April 27, 2009

Crossing Over

Recently I have found myself thinking in German, translating my thoughts for practice just in case I get a chance to share them with someone. I don't know if that's a sign that I'm crossing over or just a sign that I'm going insane, in Deutsch. I started out yesterday with my German lesson, 90 minutes of discussion about hobbies and memories of grade school, and I rocked it (in an American -learning-German sort of way). Then Ben and I walked downtown and I got a haircut. There were no words exchanged in English. And the cut looks great, sans words, although she did ask me if I was on "holiday" in Jena. What I wanted to say was "Are you joking? Who would come to Jena for holiday?" but I couldn't conjure up the German words so instead I explained about "mein Mann" and the Max Planck Institute.

When we returned home I went to the basement to throw a load of laundry in the washing machine only to discover that it was filled with water. Again. I decided I'd had enough, I was calling the Hausmeister right away to complain, when I looked out the window and there he was, working on a door in the next building with the locksmith. They were working on apartment six, but also had the door to apartment seven open, the apartment that Joslin's folks stayed in and that Mark's family will occupy while they are here. Joslin still has the key and was worried that they were changing the locks, so we went outside to investigate. She said to the Hausmeister "All ist gut mit sieben?" to which he replied "Ya, all is gut mit sieben und all is gut mit sechs". Now, I am not a mind-in-the-gutter sort of gal, but I silently chuckle to myself when we say the number six in German because it sounds exactly like sex in English. And obviously I am not the only one, because the locksmith walked by me on his way to leave and muttered under his breath "Sechs ist immer gut", which translates as "Six is always gut", but which I'm sure he meant as a joke about sex. And I was so freakin' proud of myself for understanding the joke (my first encounter with German humor!) that I let his inappropriateness slide, because I'm fairly sure that after the brief exchange I had with the Hausmeister in my broken German, Herr Locksmith was pretty sure I wouldn't understand his words at all.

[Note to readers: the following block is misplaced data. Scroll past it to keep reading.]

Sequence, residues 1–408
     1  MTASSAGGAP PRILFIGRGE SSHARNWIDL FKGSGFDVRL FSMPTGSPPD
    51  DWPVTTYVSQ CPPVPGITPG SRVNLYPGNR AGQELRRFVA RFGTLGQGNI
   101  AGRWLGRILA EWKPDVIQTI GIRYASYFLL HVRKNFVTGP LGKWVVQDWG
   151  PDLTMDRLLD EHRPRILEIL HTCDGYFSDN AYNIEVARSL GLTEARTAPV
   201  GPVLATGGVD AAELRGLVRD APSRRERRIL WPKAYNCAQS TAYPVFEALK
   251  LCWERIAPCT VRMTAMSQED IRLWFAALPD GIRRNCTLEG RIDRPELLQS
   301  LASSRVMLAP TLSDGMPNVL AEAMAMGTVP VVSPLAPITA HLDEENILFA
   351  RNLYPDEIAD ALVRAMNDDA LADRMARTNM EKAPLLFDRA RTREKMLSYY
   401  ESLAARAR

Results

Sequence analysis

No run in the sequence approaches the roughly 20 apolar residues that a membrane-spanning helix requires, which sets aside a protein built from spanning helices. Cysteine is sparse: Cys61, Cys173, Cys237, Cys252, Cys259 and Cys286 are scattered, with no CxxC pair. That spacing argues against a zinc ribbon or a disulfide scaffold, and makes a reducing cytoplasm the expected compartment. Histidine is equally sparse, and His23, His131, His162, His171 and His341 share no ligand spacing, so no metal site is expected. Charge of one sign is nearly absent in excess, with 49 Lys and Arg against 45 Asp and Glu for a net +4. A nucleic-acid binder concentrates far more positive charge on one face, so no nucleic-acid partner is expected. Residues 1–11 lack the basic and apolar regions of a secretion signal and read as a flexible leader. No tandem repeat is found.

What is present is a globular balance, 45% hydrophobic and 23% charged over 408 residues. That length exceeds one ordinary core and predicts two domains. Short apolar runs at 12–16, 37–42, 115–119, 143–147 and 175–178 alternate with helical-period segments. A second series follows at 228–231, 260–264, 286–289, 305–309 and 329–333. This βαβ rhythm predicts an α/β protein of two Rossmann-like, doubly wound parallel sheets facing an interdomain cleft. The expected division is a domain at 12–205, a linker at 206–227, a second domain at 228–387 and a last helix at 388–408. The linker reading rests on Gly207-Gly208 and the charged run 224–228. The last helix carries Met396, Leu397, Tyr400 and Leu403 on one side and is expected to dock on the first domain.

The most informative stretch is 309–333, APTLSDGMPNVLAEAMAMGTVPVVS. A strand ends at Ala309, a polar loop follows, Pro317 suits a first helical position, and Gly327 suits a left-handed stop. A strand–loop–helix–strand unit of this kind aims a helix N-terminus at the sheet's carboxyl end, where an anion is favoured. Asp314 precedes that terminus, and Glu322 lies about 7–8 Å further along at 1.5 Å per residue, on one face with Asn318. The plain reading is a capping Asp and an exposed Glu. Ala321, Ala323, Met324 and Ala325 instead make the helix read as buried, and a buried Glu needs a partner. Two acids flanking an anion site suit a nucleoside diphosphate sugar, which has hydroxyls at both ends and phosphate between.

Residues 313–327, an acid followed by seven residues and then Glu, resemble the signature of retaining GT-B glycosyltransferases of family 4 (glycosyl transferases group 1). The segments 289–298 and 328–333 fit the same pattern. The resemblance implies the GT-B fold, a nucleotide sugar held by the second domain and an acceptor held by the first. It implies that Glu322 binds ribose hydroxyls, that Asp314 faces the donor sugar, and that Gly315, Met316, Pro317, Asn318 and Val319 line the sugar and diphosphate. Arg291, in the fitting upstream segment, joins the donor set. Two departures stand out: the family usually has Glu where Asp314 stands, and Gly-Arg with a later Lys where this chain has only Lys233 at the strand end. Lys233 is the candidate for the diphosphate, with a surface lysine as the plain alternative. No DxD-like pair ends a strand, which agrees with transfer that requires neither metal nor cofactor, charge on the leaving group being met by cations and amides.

We're on our way to Berlin on Thursday to soak up some sights. The Berlin Zoo has a panda and I've been wanting to visit what's left of The Wall and Checkpoint Charlie. I hear they have a Starbuck's (gasp) and I'm planning to eat a jelly doughnut while I'm there.

April 23, 2009

Insert Title Here

Sometimes I put off posting my blog for lack of a title. It's true; I can be that much of a perfectionist. I go about my daily life just like everyone else. It's rarely filled with exciting happenings. I don't always have a story to share. It is however, filled with small and significant details that don't necessarily connect to one another but still need to be remembered.



Ben and Camille enjoying a very rare and quiet moment together, watching television on top of a wooden train at the shoe store.



My delight when I walked into my room and discovered that Claire had surprised me by artistically arranging the clothespins on the drying rack in rainbow order.

It may be old news to some of you, but for insurance that we will indeed return to America, Ben has decided not to cut his hair until we reach the homeland. It's fine with me, I really don't care how he chooses to wear his hair, but to make him feel like he has the power I occasionally argue with him to get a trim and then let him win.

Last week Julia and Camille came over to play and all four kids were peacefully working play-doh at the table. Claire asked Ben if he could please make an exploding sound, and he proudly accepted. Julia and Camille both commended him on how well he sounded.